With the Holiday's fast approaching, we're reaching an accelerated consumer environment, a critical time for any business or customer. People will be buying, and companies will be selling, but what will set your product or service apart? I'll tell you: product positioning.
I never really understood what product positioning meant. Physical positioning, I thought it must be. Business gurus and consultants talk about "product positioning" incessantly, but since I didn’t really know what it was, I never thought it was important. Until, of course, I had a product to position.
Product positioning, according to those who know more than me, is the process marketers use to determine how best to communicate a product’s attributes to their target customer based on customer need, competitive pressure, available communication channels and crafted key messages. …What?
Let’s dumb it down, for my sake, and so I can continue this article with an understanding of what I’m writing about. Product positioning is communication. It’s the process of communicating to your customer the pain point your product solves, so that they understand the benefits of purchasing the product. It’s the ability to convey the fact that your product has enough value for the customer that they will receive more than what they pay for.
It’s also positioning against competitors. I think of it like blocking lineman in (American) football. You need to communicate value well enough that it blocks the value of other products or services. How can you position your product in the mind of the customer, for example, so that it has more perceived value than other products or services on the market? What is it that makes your product a better solver of pain than anything else out there?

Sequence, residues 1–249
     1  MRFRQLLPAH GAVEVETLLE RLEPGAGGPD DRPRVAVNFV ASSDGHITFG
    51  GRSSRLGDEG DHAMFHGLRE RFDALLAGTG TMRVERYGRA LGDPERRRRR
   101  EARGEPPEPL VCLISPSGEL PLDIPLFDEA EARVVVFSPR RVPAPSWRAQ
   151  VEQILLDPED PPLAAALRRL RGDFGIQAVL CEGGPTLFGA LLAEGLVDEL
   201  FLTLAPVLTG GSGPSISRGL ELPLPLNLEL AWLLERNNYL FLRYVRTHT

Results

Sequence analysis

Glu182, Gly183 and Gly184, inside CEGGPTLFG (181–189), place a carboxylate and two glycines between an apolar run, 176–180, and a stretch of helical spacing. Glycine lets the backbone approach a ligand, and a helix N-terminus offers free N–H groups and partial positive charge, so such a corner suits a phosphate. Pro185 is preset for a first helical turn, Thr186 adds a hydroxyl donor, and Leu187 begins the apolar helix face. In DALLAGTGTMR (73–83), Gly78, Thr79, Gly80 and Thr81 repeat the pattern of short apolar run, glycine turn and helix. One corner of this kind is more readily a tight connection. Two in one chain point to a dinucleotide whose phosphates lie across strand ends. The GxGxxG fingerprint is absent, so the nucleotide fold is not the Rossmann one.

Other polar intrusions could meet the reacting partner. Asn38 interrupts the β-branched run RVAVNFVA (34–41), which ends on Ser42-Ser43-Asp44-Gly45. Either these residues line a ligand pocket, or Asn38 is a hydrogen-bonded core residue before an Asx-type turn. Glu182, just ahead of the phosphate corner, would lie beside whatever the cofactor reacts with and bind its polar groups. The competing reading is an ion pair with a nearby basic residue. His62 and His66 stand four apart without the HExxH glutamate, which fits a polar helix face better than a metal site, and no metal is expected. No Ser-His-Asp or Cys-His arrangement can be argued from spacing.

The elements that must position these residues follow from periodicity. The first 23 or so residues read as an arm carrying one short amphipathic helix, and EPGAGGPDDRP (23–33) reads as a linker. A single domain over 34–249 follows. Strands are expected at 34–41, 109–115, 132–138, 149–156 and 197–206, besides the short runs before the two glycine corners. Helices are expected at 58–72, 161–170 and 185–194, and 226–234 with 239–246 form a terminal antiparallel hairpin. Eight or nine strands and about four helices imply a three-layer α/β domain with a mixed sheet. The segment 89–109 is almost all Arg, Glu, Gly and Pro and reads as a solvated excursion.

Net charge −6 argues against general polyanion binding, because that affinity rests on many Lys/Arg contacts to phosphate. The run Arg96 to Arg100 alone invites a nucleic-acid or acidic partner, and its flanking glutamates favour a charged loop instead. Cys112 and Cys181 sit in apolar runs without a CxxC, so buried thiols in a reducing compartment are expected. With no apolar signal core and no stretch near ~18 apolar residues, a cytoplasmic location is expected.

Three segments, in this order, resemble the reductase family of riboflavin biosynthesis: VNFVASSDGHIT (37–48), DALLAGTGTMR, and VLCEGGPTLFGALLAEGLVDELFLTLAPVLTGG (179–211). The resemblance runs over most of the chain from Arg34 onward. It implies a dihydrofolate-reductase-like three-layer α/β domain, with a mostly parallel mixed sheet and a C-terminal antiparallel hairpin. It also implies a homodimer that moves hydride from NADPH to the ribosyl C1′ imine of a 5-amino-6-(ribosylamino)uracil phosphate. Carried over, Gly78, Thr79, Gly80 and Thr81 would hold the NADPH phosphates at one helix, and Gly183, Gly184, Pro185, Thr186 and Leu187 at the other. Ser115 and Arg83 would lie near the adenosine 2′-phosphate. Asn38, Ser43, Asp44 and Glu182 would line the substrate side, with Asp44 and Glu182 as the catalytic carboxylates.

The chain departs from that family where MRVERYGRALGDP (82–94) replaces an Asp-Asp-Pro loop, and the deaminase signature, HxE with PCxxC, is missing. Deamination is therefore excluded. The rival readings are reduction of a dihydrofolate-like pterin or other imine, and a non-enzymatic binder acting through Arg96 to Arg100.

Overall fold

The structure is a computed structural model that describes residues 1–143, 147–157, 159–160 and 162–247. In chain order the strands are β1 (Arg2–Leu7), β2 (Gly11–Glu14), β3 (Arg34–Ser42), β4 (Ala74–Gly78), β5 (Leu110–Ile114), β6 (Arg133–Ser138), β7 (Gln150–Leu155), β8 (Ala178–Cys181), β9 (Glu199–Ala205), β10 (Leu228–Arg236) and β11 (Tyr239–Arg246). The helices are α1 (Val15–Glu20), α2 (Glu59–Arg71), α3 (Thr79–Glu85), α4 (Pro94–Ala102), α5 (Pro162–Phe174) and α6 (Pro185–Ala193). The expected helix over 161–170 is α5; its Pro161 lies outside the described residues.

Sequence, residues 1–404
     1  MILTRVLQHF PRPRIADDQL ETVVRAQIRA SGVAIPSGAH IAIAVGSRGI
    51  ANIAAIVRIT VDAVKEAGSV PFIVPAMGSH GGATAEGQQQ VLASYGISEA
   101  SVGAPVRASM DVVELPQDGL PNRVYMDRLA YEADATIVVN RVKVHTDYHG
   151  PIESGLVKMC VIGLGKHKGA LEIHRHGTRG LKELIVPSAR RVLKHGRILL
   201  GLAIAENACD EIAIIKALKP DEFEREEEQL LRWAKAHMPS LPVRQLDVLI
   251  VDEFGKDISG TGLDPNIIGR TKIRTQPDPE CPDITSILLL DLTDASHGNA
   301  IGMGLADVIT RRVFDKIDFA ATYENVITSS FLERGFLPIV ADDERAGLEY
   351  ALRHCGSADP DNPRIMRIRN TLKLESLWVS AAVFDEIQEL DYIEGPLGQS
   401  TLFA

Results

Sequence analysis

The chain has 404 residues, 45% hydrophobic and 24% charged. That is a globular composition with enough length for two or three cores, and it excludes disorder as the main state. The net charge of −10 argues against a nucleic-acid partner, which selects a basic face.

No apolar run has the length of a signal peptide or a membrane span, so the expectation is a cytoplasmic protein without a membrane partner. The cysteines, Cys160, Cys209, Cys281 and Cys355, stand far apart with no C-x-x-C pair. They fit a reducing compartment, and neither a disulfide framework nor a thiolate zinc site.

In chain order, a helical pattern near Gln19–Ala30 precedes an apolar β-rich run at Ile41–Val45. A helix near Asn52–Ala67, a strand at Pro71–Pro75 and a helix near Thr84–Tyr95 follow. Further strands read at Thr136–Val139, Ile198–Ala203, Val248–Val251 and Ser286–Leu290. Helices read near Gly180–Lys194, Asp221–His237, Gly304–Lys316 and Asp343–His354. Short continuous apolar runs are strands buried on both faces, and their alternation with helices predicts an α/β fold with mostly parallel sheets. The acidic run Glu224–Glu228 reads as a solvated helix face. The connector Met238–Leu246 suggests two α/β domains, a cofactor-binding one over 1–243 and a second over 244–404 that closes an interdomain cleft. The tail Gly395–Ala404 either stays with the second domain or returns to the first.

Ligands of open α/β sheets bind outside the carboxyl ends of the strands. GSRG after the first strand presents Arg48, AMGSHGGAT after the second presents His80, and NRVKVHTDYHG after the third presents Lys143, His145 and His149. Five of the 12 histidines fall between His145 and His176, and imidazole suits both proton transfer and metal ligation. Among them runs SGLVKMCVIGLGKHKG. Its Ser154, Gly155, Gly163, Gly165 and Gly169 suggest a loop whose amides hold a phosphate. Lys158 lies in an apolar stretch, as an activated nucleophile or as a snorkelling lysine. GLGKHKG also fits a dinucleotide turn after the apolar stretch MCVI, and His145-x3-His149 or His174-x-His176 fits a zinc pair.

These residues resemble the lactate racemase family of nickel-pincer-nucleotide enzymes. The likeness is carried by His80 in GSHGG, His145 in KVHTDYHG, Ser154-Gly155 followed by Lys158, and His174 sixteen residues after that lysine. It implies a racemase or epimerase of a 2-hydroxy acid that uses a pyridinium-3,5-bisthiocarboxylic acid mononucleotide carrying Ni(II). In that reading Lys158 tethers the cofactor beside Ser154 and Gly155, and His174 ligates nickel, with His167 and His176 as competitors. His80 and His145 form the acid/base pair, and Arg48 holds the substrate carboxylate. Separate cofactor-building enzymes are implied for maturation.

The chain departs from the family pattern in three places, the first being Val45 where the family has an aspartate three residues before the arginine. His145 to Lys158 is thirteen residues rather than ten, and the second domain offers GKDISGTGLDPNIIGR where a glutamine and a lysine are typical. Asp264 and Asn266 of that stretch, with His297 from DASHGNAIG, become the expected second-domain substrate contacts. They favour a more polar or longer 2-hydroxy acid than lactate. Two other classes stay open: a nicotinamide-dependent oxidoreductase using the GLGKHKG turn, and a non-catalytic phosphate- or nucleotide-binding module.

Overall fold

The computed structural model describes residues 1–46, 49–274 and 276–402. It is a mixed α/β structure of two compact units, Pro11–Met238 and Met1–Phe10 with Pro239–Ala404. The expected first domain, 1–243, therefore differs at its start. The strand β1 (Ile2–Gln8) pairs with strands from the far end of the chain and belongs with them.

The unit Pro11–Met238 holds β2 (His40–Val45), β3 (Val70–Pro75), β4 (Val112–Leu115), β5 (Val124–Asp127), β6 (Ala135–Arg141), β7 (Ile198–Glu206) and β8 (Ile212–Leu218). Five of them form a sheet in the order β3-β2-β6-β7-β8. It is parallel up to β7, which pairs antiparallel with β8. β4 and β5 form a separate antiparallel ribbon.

But let’s not mince words. Product positioning is your ability to communicate to your customer why your product or service is worth their credit card info. Your product might make perfect sense to you, but if it doesn’t make sense to your customer, than you might as well not have a product at all.
The biggest trap that entrepreneurs and salespeople fall into is that they become enamored with their own product. Yes, I know, passion behind a product is a large part of why a salesperson is a good salesperson, but when that passion clouds the ability to explain why it’s such a good product, there’s a problem. It’s almost like people become blind by how “cool” their product or service is, and they expect the customer to inherently understand why it’s so great.
Product positioning fails when salespeople and entrepreneurs become too excited about the bells and whistles. It’s easy to communicate to the customer processing speed, additional features, and sports packages, but if none of those things solves the pain your customer is feeling, you’re wasting air. Bells and whistles are great, but if the product doesn’t solve a real need at a reasonable price, there’s no use for the product at all.
When we started to sell our first advertising product, for example, I knew that the industry we were selling to was in dire need of it. How did I know? Well, when looking at the current forms of advertising in that industry, we saw that our target clients were easily 5 years behind the technological times, if not more. Duh! I thought to myself. This is a no-brainer. Customers will see this new advertising medium and fall over themselves to invest in it.
Which, in a way, should have been true, because the advertising we were offering was better than anything our target clients were using. It should sell itself! Famous last words, to everyone chucking out there, and of course, it didn’t sell itself.
People seemed interested in the product, but when it got the point where they had to put down payment, they would mysteriously go radio silent, not returning calls or emails. We found that there’s a large gap between interest and payment, and our product wasn’t positioned well enough to bridge the two sides.
Essentially, we had fallen prey to the bells and whistles. We had been working with this ad product for years, and we knew it’s power, yet were so caught up in the features that we forgot the most important part: the pain it was solving for our target clients.